Fitch downgraded its gross domestic product growth forecasts to 1.7 percent in 2014 from a previous estimate of 2.8 percent, and 3 percent in 2015 from 3.5 percent, the company said today in an e-mailed statement. The rating was maintained at BBB, the second-lowest investment grade, it said.
“Increased strike activity, high wage demands and electricity constraints represent negative supply-side shocks,” Fitch said. “So far, the sharp depreciation of the rand over the past two years has not fed through to clear signs of improvement in competitiveness and growth.”
South Africa’s economy, the largest on the continent after Nigeria, is threatened with recession as a 20-week strike over pay shut the world’s biggest platinum mines. GDP contracted an annualized 0.6 percent in the three months through March, restricting the government’s ability to rein in the budget deficit as quickly as targeted.
The government is “alive to the growth challenges South Africa faces” and is therefore prioritizing the implementation of the National Development Plan, the National Treasury said in an e-mailed statement today. The NDP targets average annual growth of 5.4 percent.
Fitch said it expected “moderate slippage” in the budget deficit to 4.2 percent in 2014-15 and the government may miss it three-year target. The government has pledged to narrow the gap to 2.8 percent of GDP (SAGDPANN) in three years’ time from 4 percent in the fiscal year that ended in March.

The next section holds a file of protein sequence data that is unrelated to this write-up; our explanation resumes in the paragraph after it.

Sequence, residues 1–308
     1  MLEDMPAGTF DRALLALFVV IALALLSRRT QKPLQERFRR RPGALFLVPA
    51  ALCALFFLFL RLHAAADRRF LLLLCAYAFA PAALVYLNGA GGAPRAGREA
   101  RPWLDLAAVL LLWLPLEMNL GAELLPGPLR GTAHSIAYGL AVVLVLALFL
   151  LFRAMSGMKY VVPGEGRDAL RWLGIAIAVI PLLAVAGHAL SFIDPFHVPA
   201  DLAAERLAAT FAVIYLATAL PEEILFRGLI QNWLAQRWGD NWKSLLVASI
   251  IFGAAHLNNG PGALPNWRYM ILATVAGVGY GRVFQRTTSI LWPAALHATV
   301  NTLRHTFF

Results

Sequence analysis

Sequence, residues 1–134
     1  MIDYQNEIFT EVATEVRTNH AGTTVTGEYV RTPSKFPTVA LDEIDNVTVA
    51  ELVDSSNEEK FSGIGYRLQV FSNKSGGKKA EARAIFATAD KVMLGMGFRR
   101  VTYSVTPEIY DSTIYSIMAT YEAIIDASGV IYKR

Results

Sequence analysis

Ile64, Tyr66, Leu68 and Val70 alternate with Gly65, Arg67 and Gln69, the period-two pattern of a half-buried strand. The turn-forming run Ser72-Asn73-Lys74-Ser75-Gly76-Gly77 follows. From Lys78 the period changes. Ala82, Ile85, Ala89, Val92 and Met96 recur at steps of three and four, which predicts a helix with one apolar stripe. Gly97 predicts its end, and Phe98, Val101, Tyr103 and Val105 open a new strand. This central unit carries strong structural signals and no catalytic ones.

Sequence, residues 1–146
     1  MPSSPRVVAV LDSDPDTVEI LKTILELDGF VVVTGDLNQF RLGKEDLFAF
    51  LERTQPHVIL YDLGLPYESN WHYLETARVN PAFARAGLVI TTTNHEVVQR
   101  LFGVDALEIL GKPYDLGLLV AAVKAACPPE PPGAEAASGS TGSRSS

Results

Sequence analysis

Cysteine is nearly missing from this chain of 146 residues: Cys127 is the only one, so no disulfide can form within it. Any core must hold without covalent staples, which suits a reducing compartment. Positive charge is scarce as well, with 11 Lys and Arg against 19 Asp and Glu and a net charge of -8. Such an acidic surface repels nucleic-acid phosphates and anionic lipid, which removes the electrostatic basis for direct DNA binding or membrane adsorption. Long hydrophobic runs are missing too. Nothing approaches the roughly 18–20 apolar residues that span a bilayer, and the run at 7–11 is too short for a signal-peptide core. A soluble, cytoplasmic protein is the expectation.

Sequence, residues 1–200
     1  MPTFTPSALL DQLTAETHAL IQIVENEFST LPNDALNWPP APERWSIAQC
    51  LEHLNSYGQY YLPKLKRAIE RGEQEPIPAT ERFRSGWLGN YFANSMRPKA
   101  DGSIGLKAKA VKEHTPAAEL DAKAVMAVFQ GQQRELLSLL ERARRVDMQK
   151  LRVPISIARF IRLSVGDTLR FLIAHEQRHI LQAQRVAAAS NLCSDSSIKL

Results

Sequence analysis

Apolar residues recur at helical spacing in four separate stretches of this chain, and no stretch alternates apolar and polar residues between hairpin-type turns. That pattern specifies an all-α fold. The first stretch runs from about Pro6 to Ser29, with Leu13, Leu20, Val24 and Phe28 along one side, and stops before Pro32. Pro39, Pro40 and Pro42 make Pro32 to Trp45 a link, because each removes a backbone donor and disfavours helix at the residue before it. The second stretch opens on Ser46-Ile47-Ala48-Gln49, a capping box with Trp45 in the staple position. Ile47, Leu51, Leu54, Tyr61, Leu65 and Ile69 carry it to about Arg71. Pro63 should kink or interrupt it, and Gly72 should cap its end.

“Reducing the deficit to below 3 percent of GDP by 2016-17 will be challenging and dependent on a recovery in growth and adherence to tough expenditure ceilings,” it said.
The government remains committed to maintaining fiscal sustainability and keeping debt at manageable levels, the Treasury said.
“While short-term cyclical factors might cause marginal deviations from targets, we will not deviate from the long-term trajectory,” the Treasury said. “All necessary adjustments will be made to achieve the fiscal path.”
The ratings outlook has already been taken into account by the spread of credit default swaps, Carmen Nel, a fixed-income analyst at FirstRand Ltd.’s Rand Merchant Bank unit in Cape Town, said by phone today. The cost of insuring South Africa’s dollar debt against default rose for a third day on June 11, adding one basis point to 179.
“If they do follow through with a downgrade, then it should put upward pressure for the government as well as any entity related to the government,” she said. Eskom Holdings SOC Ltd. is the state-owned electricity utility while Transnet SOC Ltd. is the national ports and rail operator, companies that “would like to tap the offshore markets,” Nel said.
The rand weakened 0.7 percent to 10.7494 per dollar by 11:19 a.m. in Johannesburg, making it the second-worst performer among 16 major currencies tracked by Bloomberg. The yield on rand-denominated government bonds due December 2026 rose three basis points, or 0.03 percentage point, to 8.39 percent.
Almost half the time, government bond yields fall when a rating action suggests they should climb, or they increase even as a change signals a decline, according to data compiled by Bloomberg on more than 300 upgrades, downgrades and outlook changes since 1974 and through December 2012.
To contact the editors responsible for this story: Nasreen Seria at email@example.com Ana Monteiro